On Monday, many more features were planned and excavated, and more people began washing the pottery. In a prehistoric ditch, a student found a possible sheep mandible, which takes a lot of care to excavate, as shown by Enfys. We would like to give warm welcome to the enthusiastic new volunteers joining us this week- Andrew and Dalton, and we are welcoming back local villagers Mary and Hilary. Andrew enjoyed his first day on site and looks forward to the rest, “I can’t believe I’ve been on a site where such interesting pottery and features have turned up on my first day. It is brilliant to be part of a team and to work with such inspiring young people. I can’t wait for the rest of the week.” Thank you Andrew, we can’t wait to see what it may hold either!
After a week of excavation, the team have uncovered a number of features including ditches and post holes. Some features are prehistoric and others appear to date to the Romano-British period. We have also discovered prehistoric and Roman pottery. The team have been working hard despite the mixture of sun, heat and rain, and have continued to excavate, plan and section the site. We want to say a big thank you to our local Devon volunteers who joined us on our very productive first week. Thank you to Kathryn, Ruth and Albert, who “really enjoyed it” and “would come back next year”. It has been a busy and promising first week, we are looking forward to what the next few have in store for us.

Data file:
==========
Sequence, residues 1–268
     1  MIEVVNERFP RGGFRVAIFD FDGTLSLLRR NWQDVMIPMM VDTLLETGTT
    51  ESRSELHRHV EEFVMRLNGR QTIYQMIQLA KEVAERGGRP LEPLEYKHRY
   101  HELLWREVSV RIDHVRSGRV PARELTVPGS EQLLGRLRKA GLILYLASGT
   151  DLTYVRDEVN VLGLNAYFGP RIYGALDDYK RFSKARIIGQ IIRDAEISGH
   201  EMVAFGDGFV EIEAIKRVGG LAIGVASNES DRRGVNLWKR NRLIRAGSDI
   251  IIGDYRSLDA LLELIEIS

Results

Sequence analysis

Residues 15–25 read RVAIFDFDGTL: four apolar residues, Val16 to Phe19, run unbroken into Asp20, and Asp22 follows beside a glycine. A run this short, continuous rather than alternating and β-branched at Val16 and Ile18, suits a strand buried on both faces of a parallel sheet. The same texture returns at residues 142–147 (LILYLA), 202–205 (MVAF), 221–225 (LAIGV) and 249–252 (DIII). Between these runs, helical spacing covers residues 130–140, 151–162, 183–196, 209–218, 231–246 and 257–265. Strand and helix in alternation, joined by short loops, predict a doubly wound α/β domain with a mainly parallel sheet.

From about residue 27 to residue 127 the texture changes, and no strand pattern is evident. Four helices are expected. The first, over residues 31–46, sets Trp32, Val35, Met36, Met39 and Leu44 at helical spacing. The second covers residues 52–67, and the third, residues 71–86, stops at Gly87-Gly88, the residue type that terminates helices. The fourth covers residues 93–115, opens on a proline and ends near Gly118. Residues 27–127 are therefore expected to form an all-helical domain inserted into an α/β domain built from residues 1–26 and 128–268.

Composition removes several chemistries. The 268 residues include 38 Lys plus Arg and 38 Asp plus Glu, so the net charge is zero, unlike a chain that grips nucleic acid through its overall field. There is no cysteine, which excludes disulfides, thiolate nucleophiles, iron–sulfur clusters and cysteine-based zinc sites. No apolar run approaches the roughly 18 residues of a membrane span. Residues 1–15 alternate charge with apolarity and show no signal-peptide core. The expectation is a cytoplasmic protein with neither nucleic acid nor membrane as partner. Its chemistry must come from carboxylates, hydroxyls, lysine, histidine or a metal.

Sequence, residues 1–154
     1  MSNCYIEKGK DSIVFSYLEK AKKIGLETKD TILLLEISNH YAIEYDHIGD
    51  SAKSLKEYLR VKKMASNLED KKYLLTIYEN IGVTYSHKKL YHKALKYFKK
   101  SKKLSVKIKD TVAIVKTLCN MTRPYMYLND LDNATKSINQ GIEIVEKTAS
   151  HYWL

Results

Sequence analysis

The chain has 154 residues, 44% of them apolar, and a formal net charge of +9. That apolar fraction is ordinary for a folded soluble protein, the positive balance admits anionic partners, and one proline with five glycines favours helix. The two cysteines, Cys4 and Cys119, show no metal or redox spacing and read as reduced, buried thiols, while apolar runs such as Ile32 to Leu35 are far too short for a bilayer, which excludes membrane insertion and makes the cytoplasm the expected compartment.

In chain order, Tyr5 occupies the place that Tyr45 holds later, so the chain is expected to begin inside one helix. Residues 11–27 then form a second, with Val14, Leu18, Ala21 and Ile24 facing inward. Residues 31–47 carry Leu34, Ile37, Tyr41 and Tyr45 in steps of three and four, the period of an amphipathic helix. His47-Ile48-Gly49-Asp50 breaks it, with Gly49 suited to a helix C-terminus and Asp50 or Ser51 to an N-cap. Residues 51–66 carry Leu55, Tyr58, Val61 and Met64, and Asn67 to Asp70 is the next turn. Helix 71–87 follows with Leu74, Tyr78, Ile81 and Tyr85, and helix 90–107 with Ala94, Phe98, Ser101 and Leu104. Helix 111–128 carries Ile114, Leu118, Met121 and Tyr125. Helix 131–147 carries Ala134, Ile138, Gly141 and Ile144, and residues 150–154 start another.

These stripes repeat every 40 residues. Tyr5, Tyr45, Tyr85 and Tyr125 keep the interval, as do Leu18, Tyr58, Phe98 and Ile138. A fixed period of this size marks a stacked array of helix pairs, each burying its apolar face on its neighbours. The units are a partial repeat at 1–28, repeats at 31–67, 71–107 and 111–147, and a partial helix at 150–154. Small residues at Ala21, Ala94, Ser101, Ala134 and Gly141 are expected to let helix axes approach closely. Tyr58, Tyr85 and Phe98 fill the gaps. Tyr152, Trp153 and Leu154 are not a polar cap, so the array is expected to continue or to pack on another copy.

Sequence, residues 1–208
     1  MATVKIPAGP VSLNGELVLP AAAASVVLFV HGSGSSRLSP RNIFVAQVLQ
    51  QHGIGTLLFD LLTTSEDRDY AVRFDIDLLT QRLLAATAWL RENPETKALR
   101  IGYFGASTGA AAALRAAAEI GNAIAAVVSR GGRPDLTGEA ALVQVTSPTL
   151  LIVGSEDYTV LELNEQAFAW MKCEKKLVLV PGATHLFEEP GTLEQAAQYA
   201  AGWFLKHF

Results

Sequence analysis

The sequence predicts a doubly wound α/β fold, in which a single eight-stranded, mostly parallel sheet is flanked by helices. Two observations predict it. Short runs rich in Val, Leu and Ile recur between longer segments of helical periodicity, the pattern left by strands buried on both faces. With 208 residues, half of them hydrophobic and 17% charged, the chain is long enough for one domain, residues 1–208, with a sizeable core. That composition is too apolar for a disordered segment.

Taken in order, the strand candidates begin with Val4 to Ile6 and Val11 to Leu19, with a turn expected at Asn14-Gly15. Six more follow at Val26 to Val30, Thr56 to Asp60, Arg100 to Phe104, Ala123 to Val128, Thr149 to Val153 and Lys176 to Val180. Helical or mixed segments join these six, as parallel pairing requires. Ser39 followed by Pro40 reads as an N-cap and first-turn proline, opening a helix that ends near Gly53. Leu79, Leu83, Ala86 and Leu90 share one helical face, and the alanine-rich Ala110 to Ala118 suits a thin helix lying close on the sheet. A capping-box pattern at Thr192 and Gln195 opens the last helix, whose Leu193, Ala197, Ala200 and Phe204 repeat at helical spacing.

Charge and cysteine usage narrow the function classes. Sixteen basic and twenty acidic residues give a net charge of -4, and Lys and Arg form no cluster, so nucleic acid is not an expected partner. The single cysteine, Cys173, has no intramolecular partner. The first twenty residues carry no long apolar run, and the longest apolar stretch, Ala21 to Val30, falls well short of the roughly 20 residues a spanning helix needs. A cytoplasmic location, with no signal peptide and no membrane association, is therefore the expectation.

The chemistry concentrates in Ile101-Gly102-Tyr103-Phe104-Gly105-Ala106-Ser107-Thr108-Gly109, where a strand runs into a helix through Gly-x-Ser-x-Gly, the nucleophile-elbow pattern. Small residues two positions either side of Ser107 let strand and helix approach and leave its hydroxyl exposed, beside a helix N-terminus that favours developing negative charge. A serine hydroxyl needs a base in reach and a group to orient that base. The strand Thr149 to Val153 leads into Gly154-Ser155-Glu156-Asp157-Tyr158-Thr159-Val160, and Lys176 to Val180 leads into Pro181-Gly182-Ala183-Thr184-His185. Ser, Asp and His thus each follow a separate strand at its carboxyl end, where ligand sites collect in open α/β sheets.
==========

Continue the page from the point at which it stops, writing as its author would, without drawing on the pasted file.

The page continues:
The Hub has also had a busy first week, and at the Hub’s after school club on Friday we welcomed some of our youngest visitors from Ipplepen Primary School. They loved seeing their Roman food artwork on display, and guessing what our replica Roman pottery would have been used for. Visit the Hub to see their paintings inspired by past finds from Ipplepen, and to make your own guess on the function of the pottery.
The team enjoyed cooler weather today, and continued to photograph and plan the exposed features. Excavation of some features is underway, with gulleys, ditches and post holes being excavated. Kathryn, a local volunteer, and Jonathan, a volunteer from the USA, completed excavating their section of a ditch, which is possibly Medieval or later in date, as it is on the same alignment as some of the scars caused by ploughing. Jonathan is on his first excavation and said: “It is interesting to be able to excavate a ditch and hold pottery fragments in your hand that haven’t been held for hundreds of years!”